///2010 Abstract Details
2010 Abstract Details2018-05-01T17:52:49+00:00

Perioperative Management of a Parturient with Neuromyelitis Optica

Abstract Number: 192
Abstract Type: Case Report/Case Series

Neeti Sadana M.D.1 ; Michael A Orosco M.D.2; Scott Segal M.D.3; Michaela K Farber M.D., M.S.4

Introduction: Devics disease or neuromyelitis optica (NMO) is a severe inflammatory demyelinating disorder of the central nervous system that involves recurrent episodes of transverse myelitis and optic neuritis. NMO has traditionally been considered a variant of multiple sclerosis, and management of the two diseases was similar. More recently, a specific IgG antibody against the astrocytic water channel Aquaporin-4 (AQP4) has been implicated in the pathogenesis of NMO, and it is considered a unique entity from MS (1). We report the anesthetic management of a parturient with active Devics disease who underwent general endotracheal anesthesia for elective repeat cesarean delivery.

Case: Our patient initially presented with NMO after a previous cesarean delivery with an epidural, and the association of the neuraxial technique with her disease process was uncertain. General anesthesia was chosen for her repeat cesarean delivery to avoid potential exacerbation of her NMO. General anesthesia was provided successfully for cesarean delivery. She underwent rapid sequence induction with propofol and rocuronium. The intubation was uneventful, followed by maintenance with sevoflurane, nitrous oxide, fentanyl, and hydromorphone. The patient exhibited heightened sensitivity to neuromuscular paralysis, requiring a higher dose of cholinesterase inhibitor for blockade reversal and short-term bimodal positive airway pressure assistance upon extubation. Postoperative pain management was approached aggressively because the patient had been taking chronic opioid analgesia for her disease. Close postoperative follow up was uneventful. The patient experienced no short-term postoperative exacerbation of NMO; self-limited constipation was evaluated by a neurologist and thought to be unrelated to her underlying disease process. At a two month follow-up, the patient denied further exacerbation of her condition.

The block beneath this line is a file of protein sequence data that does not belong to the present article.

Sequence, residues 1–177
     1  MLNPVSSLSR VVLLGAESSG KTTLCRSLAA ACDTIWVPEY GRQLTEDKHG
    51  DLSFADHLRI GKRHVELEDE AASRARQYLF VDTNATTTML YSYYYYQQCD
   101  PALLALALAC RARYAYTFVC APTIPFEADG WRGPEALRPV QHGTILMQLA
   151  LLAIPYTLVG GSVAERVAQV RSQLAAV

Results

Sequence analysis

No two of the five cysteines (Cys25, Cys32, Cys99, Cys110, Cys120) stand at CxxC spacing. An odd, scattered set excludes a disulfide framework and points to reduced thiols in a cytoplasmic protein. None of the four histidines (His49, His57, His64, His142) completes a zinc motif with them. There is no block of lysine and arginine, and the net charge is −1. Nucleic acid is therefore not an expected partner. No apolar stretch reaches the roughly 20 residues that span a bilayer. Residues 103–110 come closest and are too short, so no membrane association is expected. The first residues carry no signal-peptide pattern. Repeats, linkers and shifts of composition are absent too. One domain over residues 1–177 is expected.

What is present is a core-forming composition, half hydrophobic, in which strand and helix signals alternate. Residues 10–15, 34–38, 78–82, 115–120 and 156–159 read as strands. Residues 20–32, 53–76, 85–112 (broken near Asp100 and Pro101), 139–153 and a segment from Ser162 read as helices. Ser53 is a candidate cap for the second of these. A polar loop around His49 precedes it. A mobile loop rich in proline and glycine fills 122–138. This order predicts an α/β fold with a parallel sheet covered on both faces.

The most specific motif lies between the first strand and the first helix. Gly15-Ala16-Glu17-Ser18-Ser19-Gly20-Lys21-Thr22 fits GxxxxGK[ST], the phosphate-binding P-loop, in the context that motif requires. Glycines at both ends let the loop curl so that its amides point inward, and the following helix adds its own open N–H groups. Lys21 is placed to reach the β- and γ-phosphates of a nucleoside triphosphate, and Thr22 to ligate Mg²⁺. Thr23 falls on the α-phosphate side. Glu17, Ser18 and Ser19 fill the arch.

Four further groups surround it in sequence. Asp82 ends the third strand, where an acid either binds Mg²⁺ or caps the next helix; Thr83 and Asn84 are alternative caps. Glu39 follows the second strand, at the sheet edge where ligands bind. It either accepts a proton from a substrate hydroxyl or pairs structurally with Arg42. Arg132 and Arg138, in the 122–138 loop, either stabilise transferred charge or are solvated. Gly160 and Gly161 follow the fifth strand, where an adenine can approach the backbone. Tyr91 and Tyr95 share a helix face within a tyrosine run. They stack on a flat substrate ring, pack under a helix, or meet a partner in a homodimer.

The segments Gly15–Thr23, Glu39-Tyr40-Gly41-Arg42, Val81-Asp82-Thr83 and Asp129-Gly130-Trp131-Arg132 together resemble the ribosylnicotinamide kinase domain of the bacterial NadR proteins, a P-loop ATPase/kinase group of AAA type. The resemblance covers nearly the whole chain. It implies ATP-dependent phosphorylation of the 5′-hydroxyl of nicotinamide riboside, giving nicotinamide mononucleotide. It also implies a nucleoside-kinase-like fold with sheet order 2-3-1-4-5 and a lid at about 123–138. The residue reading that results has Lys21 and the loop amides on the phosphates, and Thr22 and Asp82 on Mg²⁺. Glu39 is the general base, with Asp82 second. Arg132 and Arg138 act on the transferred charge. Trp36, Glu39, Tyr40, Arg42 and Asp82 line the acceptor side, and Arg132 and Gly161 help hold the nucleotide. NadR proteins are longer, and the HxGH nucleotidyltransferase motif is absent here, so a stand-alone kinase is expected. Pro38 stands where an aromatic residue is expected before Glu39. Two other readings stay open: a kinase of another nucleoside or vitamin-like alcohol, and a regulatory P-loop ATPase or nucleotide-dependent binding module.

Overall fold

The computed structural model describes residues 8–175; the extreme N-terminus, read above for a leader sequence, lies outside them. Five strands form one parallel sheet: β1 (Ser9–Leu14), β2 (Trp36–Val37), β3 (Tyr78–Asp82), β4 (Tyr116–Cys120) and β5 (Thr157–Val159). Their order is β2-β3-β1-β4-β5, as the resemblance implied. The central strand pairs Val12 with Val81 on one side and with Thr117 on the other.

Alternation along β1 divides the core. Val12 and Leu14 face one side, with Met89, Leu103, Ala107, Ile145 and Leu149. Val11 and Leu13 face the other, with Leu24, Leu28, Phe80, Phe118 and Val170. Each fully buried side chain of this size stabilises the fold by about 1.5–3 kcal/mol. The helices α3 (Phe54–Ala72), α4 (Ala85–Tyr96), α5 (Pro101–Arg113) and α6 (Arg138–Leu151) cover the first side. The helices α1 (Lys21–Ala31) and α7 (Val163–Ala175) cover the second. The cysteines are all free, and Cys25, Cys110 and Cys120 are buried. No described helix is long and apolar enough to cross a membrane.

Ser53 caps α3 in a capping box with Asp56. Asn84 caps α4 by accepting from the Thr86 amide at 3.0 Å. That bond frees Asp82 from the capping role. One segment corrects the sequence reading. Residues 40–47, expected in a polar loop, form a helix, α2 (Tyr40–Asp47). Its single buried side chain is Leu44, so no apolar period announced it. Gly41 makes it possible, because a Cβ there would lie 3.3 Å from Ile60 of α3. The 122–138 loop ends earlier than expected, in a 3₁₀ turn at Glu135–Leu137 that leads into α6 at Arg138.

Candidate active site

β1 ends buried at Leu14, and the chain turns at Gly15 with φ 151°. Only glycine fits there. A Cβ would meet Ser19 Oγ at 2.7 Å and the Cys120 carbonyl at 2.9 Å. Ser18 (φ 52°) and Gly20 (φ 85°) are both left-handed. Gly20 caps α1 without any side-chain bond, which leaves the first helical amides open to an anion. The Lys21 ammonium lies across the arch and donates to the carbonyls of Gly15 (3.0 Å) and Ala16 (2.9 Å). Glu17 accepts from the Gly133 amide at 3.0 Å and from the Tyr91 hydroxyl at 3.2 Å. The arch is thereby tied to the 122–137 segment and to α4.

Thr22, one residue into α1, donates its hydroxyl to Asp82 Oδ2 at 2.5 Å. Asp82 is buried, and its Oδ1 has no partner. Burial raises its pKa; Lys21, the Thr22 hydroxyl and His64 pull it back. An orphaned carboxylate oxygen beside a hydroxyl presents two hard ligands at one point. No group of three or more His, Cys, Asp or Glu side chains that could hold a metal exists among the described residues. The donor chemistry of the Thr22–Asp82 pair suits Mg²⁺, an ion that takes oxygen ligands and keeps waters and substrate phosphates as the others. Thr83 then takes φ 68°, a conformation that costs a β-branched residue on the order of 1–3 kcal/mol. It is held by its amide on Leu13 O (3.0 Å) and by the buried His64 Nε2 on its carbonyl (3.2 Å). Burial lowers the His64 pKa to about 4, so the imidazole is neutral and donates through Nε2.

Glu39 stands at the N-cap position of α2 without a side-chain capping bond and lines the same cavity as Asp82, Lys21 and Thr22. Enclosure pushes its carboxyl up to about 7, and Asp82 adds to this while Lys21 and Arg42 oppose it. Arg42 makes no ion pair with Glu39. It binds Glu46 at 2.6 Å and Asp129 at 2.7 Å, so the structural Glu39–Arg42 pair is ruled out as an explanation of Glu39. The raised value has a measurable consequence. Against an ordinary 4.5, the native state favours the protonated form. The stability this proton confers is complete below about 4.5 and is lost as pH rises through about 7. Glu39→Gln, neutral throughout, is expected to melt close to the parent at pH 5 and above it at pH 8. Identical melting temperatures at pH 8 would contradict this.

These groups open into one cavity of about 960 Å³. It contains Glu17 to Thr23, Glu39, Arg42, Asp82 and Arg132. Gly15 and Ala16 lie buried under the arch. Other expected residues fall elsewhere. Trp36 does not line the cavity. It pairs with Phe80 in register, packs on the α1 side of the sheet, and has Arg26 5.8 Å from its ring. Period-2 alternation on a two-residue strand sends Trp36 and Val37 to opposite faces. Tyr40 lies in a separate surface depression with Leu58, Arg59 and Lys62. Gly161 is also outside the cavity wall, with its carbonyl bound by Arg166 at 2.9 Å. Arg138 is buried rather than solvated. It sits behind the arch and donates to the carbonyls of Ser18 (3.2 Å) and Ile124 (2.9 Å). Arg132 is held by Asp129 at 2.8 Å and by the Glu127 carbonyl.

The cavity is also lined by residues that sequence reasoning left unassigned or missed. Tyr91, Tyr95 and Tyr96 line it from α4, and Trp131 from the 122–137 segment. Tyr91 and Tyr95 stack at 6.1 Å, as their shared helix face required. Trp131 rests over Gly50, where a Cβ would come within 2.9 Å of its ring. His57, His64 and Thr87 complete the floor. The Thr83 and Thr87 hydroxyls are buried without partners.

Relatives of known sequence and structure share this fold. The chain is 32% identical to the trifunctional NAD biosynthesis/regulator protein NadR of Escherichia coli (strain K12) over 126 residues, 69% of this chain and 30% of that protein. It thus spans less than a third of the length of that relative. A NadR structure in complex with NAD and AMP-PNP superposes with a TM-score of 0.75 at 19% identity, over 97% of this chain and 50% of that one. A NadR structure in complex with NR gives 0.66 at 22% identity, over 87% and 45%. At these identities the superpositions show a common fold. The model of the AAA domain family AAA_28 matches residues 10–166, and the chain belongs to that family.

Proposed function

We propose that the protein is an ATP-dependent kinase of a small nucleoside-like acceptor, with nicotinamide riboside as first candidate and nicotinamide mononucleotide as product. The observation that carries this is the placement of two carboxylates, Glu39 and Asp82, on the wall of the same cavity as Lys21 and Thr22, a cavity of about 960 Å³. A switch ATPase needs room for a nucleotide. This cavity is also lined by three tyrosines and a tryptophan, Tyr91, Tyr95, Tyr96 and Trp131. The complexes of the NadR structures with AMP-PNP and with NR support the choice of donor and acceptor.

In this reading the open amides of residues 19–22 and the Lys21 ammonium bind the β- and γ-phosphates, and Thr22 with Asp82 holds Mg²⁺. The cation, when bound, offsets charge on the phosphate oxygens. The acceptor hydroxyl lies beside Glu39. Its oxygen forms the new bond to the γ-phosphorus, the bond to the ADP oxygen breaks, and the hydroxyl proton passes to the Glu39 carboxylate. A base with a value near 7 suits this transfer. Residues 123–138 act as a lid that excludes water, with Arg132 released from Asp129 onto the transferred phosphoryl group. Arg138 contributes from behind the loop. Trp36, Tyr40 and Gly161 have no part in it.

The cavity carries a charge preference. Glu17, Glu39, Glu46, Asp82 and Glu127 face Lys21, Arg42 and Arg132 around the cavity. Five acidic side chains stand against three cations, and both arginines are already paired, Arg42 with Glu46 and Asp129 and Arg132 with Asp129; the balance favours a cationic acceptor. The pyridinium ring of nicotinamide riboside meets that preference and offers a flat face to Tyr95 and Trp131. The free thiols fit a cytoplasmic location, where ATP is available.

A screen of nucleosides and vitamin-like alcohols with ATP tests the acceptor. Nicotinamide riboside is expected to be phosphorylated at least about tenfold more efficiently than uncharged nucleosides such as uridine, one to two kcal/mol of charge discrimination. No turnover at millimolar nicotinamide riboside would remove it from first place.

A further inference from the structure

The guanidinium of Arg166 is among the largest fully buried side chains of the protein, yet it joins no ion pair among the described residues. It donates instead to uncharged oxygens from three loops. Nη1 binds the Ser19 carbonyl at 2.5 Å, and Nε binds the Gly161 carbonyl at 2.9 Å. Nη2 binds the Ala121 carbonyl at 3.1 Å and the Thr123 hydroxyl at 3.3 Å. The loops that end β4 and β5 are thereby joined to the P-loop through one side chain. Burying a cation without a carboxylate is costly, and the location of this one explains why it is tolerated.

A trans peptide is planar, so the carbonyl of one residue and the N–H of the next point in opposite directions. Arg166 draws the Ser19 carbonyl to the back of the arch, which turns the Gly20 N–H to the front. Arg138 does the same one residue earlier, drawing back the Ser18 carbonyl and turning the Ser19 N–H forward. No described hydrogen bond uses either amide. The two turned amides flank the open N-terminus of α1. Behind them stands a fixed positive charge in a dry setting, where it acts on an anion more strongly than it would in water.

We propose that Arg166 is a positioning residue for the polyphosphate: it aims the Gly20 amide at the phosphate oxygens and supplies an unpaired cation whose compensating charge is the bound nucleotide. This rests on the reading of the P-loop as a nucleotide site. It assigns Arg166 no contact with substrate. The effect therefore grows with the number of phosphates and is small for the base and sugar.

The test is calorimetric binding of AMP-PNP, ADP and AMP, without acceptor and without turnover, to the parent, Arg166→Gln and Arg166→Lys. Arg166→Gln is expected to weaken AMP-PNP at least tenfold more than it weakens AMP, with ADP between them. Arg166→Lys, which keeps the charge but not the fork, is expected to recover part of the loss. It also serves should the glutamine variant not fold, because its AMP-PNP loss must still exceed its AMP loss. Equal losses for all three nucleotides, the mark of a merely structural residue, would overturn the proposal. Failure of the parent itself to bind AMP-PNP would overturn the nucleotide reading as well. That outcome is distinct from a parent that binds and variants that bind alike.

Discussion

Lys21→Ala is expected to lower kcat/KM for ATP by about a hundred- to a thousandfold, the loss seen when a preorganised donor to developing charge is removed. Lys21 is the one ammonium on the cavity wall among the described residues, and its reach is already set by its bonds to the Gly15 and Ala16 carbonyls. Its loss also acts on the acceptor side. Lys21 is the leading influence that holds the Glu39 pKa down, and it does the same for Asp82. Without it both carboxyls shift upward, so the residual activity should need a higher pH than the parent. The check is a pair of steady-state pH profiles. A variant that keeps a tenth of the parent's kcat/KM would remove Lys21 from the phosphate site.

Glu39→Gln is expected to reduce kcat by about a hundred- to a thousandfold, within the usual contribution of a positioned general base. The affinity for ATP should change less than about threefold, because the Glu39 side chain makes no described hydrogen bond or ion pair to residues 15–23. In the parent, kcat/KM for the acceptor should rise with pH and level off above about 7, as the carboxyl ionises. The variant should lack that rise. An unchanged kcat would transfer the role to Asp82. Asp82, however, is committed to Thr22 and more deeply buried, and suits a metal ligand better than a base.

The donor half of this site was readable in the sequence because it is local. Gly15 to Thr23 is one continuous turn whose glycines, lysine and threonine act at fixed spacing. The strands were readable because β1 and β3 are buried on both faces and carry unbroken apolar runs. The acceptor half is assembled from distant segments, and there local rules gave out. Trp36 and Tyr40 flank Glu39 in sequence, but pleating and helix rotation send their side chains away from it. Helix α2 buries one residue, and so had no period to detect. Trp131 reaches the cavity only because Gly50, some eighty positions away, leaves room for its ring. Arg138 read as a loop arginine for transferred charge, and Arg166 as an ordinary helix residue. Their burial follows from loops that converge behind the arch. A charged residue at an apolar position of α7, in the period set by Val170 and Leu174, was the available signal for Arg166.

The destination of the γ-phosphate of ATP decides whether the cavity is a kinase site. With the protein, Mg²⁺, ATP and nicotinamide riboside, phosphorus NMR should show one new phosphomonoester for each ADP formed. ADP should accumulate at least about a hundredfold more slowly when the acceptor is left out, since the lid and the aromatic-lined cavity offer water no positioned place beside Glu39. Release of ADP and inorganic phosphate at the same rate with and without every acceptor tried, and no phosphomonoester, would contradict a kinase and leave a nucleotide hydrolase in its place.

Discussion: There is a paucity of literature regarding the anesthetic management of patients with NMO. To our knowledge, only two case reports describe the obstetric anesthesia management of patients with NMO: the worsening of NMO with the use of a bupivacaine epidural for labor analgesia converted to anesthesia for urgent cesarean delivery, and the development of NMO following subarachnoid anesthesia with bupivacaine for a repeat cesarean delivery (2,3). The development of NMO after a bupivacaine spinal anesthetic has also been reported in the nonobstetric literature (4). A cause-effect or unmasking relationship between regional anesthesia and NMO is not known, but existing case reports are concerning for this possibility. This case highlights the potential challenges of anesthetic management in a parturient with a rare neurologic disease.

1. Curr Top Microbiol Immunol 2008; 318: 343-56.

2. Anaesthesia 2001; 56:562-7.

3. Eur J Anaesthesiology 2010; 27:1-3.

4. Multiple Sclerosis 2003; 9: 526-8.

SOAP 2010